There is very little new that can be said about Nevermind. In the 20 years – an expanse of time that likely makes more than a few of us feel very, very old and very, very nostalgic – since its release in 1991, it’s been evaluated, discussed and dissected from every possible angle. In the days leading up to this year’s anniversary reissue you’ll still hear a lot more philosophizing and alternately tragic and amusing anecdotes, probably apocryphal, about the band’s first Geffen release. And all the while, most former flannel-wearing grunge fanatics will simply sit back and wonder what might have been had the band’s most visible member been able to keep his shit together.
This year’s reissue is available in an ungodly number of configurations (single disc, two-disc, four-disc/one DVD, vinyl) designed to appeal to Nirvana fans in every income bracket, but is another purchase of Nevermind warranted? The single disc lightweight is the runt of the litter and is essentially a stocking stuffer ahead of the holidays. The double and four-disc packages are where the real substance is, and both offer a compelling and comprehensive snapshot of the band at a specific point in their career. Though major labels have had a tendency to dole out previously unavailable material in a miserly fashion, both of these versions offer a decent amount of goods that haven’t been officially released. The two-disc set is more to the point and worth the price tag: its pre-Nevermind Smart Studio demos as well as the lo-fi boombox rehearsals – which show the band beating a few of the album songs into shape, sort of – are intriguing and perhaps the most enjoyable of the entire set. A pair of obligatory BBC recordings are tacked on to the end of the disc, but are rote performances and tend to feel like afterthoughts after the almost-revelatory demo and rehearsal songs.
The four-disc/one-DVD whopper will separate the mere enthusiasts from the completists. The Butch Vig Devonshire mix on disc 3 offers an opportunity to hear the album in a different light and makes one wonder if the album would have blown up the way it did had this mix been chosen instead of the more polished Andy Wallace mix. Whichever mix is “superior” is simply a matter of personal taste; endless debates aside, it’s nice to have the Vig mix all in one place, as previously only “Breed” appeared on the With the Lights Out box set. It’s impossible to squabble about the 1991 Paramount Theater Halloween show that makes up disc 4 as well as the bulk of the DVD either; generally recognized as one of the band’s best live shows from the Nevermind era, the audio is rendered in beautiful clarity, a sonic notch above boots like Into the Black and Trick or Treat.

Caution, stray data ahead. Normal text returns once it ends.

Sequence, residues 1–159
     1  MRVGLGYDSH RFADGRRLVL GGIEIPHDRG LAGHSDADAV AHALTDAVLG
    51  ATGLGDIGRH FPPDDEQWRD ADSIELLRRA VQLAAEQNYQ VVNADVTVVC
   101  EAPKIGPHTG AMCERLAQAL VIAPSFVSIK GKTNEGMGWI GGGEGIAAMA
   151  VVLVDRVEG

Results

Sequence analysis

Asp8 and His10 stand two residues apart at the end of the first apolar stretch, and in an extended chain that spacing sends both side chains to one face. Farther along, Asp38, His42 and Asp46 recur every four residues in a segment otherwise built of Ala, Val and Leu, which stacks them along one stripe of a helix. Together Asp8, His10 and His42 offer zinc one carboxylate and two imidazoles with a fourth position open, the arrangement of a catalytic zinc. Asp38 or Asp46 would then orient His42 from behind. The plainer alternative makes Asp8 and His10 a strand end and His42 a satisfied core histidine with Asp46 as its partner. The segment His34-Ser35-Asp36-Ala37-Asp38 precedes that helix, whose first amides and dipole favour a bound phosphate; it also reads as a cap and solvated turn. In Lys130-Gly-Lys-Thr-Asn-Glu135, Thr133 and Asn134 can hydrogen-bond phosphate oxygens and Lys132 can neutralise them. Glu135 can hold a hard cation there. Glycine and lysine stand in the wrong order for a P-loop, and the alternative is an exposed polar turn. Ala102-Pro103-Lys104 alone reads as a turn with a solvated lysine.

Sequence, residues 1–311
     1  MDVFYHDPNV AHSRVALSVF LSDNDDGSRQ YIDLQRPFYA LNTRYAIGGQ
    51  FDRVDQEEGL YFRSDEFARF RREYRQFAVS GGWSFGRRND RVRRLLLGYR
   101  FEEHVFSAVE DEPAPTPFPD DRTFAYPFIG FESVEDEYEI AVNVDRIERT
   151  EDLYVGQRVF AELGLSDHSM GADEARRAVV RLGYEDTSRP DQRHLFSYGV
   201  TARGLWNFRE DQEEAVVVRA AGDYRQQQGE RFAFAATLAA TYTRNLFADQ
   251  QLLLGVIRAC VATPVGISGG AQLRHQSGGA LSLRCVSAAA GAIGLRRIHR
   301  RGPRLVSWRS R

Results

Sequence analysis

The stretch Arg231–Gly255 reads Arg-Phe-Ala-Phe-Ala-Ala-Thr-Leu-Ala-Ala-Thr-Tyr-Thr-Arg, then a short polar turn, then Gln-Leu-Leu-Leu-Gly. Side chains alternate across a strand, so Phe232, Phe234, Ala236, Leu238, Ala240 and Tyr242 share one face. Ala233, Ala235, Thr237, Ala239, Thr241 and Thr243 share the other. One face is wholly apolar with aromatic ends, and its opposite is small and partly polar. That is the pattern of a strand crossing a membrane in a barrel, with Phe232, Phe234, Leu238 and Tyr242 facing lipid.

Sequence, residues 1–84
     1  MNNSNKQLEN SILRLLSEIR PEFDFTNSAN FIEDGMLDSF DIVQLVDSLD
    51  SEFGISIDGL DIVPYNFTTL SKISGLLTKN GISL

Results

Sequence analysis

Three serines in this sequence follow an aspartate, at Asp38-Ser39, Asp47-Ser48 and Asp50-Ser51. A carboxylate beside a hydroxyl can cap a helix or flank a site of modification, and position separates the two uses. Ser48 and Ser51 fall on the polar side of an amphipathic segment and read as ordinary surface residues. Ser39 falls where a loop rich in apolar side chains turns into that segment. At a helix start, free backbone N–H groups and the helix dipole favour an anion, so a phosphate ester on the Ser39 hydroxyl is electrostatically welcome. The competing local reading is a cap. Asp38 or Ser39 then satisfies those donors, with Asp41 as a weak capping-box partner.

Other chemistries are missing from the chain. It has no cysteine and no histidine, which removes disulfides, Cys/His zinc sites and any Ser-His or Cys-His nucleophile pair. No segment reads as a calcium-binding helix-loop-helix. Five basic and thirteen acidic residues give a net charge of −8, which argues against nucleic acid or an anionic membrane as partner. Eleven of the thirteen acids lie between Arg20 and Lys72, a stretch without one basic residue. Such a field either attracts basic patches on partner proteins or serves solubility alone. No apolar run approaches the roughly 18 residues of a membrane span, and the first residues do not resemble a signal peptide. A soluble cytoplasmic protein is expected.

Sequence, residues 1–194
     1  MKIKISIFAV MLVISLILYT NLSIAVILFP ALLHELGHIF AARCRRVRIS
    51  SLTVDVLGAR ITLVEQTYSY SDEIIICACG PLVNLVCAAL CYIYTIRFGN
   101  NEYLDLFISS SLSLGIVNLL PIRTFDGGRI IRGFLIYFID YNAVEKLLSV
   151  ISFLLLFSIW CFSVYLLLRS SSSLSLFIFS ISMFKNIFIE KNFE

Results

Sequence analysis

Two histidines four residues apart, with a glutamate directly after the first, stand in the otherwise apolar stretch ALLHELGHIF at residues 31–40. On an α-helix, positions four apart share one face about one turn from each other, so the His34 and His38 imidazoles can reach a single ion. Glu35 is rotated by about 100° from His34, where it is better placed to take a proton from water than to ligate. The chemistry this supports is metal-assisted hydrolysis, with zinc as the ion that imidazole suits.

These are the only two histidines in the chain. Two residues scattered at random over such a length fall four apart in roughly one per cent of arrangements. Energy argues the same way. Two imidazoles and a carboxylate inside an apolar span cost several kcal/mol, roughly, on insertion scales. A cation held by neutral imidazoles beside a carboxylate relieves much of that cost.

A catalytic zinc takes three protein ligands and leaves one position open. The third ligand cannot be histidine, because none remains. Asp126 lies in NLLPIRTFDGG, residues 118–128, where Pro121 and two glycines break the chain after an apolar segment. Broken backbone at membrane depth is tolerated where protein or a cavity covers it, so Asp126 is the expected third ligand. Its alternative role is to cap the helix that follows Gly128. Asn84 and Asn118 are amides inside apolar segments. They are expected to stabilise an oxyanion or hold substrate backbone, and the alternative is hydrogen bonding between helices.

There are some minor, though perplexing, oddities, but nothing that detracts from the set too terribly much. Several of the Paramount Theater tracks appear on both discs 1 and 4, which might come across as a bit shoddy and careless to those who spring for the four-disc/one DVD version, and already some people are grumbling on message boards about other demos or outtakes that were excluded. These points are valid but a bit curmudgeonly; overall this anniversary campaign does right by the band and should satisfy most listeners.
Kurt Cobain would eventually distance himself from what he considered the album’s overtly radio-friendly sheen – he’d voice a similar complaint about In Utero – but even that gripe points to a somewhat uncomfortable truth about Nevermind: how it’s been perceived and remembered in the intervening 20 years now far outweighs its actual content. In this sense the fact that it isn’t even Nirvana’s best studio album is less relevant that the mythology that surrounds it. That Nevermind changed the musical landscape of the 1990s – for better and worse – is of course true. It’s also a facile statement that forgoes any serious appreciation of its actual songs, and now isn’t the time to try to dispel the nonsense that the album marked an indie-based victory for “us” over “them” (if you feel otherwise, just ask yourself if the album would have had such a mainstream impact had it been released on Sub Pop).
If this reissue succeeds in anything, it’s that it attempts to emphasize the album’s building blocks and final form over its massive, and massively misremembered, legacy, and for this reason alone it comes highly recommended for Nirvana fans of all stripes.